Format read: ARC provided by Publisher. (Thanks!)

Summary: Savannah is still finding her way in New York City: balancing a job, her boyfriend, and settling into life with her extended family. She hasn’t yet given up on what really took her biological father from her, and is determined to figure out the true story… with our without the help of her half-siblings.

I had a really good time reading New Money last fall, but this time around, I bonded with Savannah in a way I hadn’t before. She’s more settled in the city, working hard at her job (even though, let’s face it: with her allowance, she doesn’t need to), balancing a boyfriend and getting to know her newly acquired family better.

The drama from the first book has mostly disappeared and I say mostly because while the craziness in New Money seemed to creep up on her out of nowhere, this girl goes after it herself in this book — chasing down the answers of what really killed her media tycoon father. While we spend a majority of our time cabbing around Manhattan (the book opens with the Christmas season — so fitting and Rosenthal captures it so perfectly), Savannah also spends time in DC, worming herself into many uncomfortable situations to find out more and eventually returning to NYC with more than she bargained for.

This is the thing: even though Savannah handles her wealth and new lifestyle with such grace, she’s not above acting impulsively either. And maybe not always in the way you would think. Rosenthal has made a good habit of writing about strong, complicated women from the little sister in Queens (Other Words for Love) to this southern belle granted a fairy tale life with a few inconsistencies. The struggle to be independent, successful, and express love to the people in your life is what makes Savannah such an authentic character. We may not be wearing Gucci or living in an apartment that overlooks Central Park, but we worry about our hearts. We want to be good and do good by the people we care about.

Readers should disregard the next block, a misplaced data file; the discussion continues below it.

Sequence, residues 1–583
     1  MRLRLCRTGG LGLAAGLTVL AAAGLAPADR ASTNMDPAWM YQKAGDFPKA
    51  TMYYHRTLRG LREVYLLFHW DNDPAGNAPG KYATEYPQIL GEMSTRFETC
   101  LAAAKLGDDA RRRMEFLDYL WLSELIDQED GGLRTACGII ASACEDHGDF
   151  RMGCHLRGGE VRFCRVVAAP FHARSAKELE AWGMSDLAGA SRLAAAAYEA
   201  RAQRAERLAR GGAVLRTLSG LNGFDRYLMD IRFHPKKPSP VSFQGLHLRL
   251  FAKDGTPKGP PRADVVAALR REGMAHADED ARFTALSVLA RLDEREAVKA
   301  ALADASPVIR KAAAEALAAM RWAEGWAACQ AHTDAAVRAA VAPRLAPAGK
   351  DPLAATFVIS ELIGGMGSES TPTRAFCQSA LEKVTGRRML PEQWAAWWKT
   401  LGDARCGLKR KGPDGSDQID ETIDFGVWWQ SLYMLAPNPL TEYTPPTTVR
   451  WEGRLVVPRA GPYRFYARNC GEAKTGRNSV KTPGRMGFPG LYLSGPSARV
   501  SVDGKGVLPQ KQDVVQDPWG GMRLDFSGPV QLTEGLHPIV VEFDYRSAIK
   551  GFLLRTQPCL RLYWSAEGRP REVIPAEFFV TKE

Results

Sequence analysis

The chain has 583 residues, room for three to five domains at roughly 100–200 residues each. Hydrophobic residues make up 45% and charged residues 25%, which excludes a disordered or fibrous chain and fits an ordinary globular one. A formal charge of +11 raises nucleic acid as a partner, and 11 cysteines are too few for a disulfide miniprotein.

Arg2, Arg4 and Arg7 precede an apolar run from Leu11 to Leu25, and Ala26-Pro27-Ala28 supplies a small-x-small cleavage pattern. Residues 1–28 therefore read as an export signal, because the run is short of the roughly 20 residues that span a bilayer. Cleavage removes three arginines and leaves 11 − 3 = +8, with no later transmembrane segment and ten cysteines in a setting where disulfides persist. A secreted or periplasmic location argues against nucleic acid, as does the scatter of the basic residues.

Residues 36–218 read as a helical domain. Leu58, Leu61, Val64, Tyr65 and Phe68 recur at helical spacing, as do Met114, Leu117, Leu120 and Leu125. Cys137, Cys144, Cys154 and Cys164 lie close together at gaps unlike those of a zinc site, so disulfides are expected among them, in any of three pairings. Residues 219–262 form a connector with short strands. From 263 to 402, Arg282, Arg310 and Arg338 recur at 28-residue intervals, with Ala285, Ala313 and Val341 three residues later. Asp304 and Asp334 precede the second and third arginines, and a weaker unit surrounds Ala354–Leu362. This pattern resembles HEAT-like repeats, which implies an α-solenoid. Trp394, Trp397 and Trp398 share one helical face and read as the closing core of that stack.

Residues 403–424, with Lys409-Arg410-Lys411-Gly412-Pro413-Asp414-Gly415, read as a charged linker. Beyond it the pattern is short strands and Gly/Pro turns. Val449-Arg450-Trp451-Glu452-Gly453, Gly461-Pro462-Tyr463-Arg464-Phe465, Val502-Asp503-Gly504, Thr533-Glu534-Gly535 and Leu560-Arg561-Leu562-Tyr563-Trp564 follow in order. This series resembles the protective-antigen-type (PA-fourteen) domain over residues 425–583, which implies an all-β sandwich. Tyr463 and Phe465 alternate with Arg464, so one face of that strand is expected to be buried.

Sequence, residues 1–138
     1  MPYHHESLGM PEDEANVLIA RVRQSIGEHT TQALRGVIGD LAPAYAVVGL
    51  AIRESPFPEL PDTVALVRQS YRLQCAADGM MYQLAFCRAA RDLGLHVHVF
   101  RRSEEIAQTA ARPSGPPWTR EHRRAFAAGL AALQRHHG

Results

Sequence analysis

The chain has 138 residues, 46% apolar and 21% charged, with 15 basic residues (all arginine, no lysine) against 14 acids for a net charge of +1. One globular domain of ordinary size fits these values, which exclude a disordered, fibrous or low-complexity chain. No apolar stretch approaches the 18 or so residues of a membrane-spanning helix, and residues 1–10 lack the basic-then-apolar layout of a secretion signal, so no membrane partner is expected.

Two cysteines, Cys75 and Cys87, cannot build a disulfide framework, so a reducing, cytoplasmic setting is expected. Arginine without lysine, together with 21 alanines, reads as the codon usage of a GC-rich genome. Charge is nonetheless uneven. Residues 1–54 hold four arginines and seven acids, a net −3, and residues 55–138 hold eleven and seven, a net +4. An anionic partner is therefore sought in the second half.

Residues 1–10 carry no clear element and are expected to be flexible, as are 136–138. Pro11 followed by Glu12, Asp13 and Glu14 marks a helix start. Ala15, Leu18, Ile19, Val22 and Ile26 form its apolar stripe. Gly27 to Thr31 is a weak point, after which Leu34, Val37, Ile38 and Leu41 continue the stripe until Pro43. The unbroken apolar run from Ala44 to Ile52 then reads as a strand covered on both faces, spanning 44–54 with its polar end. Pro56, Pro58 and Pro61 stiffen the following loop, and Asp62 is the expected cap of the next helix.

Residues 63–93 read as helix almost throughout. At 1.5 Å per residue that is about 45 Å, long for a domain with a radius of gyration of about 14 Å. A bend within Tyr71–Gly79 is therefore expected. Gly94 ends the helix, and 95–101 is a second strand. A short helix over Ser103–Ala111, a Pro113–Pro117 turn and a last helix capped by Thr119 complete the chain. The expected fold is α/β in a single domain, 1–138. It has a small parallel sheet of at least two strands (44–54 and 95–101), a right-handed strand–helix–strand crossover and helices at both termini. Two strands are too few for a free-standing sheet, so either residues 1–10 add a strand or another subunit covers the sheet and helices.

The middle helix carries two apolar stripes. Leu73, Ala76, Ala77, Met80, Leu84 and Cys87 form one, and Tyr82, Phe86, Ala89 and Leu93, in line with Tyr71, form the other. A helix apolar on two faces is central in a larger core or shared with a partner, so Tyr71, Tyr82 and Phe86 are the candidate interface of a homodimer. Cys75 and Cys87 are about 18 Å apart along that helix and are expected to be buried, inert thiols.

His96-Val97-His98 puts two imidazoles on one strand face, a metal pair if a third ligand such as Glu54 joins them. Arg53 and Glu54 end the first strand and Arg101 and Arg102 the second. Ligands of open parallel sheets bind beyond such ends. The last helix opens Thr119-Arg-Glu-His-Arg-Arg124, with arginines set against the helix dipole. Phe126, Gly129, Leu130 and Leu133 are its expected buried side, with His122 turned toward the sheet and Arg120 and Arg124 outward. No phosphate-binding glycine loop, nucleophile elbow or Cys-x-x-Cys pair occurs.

Independently Wealthy mixes some ballsy detective work and delicious distractions with finding your place in relationships, your family, and a bustling city. As I inched to the last pages of the book, I already missed Savannah and wondered what she would be up to next. You know I want you to check out this series from the beginning, but I won’t tell if you cheat and skip to this one.

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The lovely folks at St. Martin’s Press are offering 1 lucky winner a finished copy of Independently Wealthy. Open to U.S. readers only. Enter below & good luck!

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Blog Tour: Ally Condie on Naming Characters in Atlantia

book cover for atlantia by ally condie

Atlantia by Ally Condie (website | twitter)
See also my review of Crossed by Ally Condie
Publication Date: October 28, 2014
Publisher: Dutton Children’s
Pages: 368
Target Audience: Young Adult Fiction
Keywords: underwater city, dystopia, broken world, young adult fantasy
Format Read: Arc received from the Publisher. (Thank you!

Summary (from Goodreads):Can you hear Atlantia breathing?

For as long as she can remember, Rio has dreamt of the sand and sky Above—of life beyond her underwater city of Atlantia. But in a single moment, all her plans for the future are thwarted when her twin sister, Bay, makes an unexpected decision, stranding Rio Below. Alone, ripped away from the last person who knew Rio’s true self—and the powerful siren voice she has long hidden—she has nothing left to lose.

Guided by a dangerous and unlikely mentor, Rio formulates a plan that leads to increasingly treacherous questions about her mother’s death, her own destiny, and the complex system constructed to govern the divide between land and sea. Her life and her city depend on Rio to listen to the voices of the past and to speak long-hidden truths.